The research, published in PLoS One, shows that withdrawal symptoms could be relieved by small doses of alcohol. However, easing the effects can increase dependency.
In humans, the symptoms are manifested in anxiety, agitation and, in extreme cases, seizures. The worms, as video footage shows, also became overactive in alcohol withdrawal and showed spontaneous and deep body bends – a behavior rarely seen in 'teetotal' worms.
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"This research showed the worms displaying effects of the withdrawal of alcohol and enables us to define how alcohol affects signaling in nerve circuits which leads to changes in behaviour," said Professor Lindy Holden-Dye, a neuroscientist of the University's School of Biological Sciences.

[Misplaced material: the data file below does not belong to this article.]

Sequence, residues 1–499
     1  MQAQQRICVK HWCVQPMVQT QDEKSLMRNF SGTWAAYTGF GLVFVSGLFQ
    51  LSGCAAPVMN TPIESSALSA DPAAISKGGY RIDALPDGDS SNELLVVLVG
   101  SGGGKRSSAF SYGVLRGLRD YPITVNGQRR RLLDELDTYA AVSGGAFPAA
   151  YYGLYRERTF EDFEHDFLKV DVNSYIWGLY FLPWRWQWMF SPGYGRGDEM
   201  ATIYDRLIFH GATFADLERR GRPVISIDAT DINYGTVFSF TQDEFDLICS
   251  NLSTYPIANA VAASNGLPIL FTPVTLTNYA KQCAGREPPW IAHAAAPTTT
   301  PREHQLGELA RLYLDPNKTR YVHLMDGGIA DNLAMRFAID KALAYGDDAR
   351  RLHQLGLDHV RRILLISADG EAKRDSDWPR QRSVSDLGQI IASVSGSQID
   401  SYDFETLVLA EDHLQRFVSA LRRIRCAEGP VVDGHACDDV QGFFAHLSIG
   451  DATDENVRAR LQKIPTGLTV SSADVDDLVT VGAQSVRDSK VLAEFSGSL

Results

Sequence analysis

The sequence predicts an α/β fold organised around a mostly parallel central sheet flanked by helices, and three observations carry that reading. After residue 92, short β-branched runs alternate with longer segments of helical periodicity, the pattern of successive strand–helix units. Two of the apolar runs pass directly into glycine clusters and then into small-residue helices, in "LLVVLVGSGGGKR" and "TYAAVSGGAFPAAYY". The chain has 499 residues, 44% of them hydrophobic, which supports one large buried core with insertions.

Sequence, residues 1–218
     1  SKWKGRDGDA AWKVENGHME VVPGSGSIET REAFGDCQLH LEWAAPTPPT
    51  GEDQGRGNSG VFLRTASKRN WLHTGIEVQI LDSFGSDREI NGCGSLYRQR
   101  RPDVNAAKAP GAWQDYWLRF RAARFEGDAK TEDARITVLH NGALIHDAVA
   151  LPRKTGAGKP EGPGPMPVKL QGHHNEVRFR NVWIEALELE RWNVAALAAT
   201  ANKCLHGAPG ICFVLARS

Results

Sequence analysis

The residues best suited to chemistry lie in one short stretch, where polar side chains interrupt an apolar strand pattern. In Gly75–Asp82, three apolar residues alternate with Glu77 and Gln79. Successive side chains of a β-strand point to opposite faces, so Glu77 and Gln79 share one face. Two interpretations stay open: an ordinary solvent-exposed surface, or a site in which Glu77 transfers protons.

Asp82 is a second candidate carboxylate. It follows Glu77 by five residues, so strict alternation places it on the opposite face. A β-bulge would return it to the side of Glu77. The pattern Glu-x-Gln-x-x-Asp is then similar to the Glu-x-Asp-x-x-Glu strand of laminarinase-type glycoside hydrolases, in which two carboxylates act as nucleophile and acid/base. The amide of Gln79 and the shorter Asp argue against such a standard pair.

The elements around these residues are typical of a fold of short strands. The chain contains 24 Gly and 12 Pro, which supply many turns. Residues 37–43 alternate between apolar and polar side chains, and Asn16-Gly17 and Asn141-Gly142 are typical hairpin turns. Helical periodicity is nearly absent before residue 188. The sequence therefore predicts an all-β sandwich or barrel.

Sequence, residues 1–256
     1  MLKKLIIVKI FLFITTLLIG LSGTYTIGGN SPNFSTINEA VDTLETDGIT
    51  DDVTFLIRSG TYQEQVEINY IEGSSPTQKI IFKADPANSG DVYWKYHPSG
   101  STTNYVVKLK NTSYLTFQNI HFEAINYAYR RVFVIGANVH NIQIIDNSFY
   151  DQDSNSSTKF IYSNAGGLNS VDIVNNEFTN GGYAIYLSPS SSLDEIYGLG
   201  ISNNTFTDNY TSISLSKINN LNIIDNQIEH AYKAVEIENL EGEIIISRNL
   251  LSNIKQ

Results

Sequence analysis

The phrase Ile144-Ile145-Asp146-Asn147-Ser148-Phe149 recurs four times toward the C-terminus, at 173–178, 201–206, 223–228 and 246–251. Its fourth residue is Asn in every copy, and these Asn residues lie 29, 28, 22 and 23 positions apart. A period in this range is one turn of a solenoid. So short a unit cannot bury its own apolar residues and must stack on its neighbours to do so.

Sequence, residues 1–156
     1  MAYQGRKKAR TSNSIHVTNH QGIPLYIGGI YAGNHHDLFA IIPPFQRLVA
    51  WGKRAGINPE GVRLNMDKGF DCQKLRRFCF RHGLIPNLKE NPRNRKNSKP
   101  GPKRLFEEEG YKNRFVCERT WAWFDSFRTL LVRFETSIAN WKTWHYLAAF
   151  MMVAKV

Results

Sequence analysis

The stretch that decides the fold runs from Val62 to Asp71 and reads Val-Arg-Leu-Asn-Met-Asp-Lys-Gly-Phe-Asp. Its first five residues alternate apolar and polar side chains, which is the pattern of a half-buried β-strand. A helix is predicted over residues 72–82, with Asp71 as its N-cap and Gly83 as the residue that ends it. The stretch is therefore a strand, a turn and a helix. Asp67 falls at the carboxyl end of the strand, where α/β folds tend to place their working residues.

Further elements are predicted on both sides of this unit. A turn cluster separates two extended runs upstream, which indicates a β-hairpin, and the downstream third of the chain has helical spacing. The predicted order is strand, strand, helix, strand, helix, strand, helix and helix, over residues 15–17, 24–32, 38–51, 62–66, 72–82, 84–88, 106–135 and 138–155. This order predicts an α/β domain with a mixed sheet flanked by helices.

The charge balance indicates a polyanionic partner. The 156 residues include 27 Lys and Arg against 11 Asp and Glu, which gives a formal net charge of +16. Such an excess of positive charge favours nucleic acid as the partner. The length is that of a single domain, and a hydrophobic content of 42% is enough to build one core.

The study also showed evidence that a particular class of brain-signalling molecule, the neuropeptide, is required for the chronic effect of alcohol on the worm's nervous system.
"Neuropeptides are also involved in chronic alcohol effects in humans and this is leading to new ideas for the treatment of alcoholism, but their precise role is unclear. Our study provides a very effective experimental system to tackle this problem," Holden-Dye adds.
Citation: Mitchell et al., A Differential Role for Neuropeptides in Acute and Chronic Adaptive Responses to Alcohol: Behavioural and Genetic Analysis in Caenorhabditis elegans', PLoS ONE May 2010, 5(5), e10422; doi:10.1371/journal.pone.0010422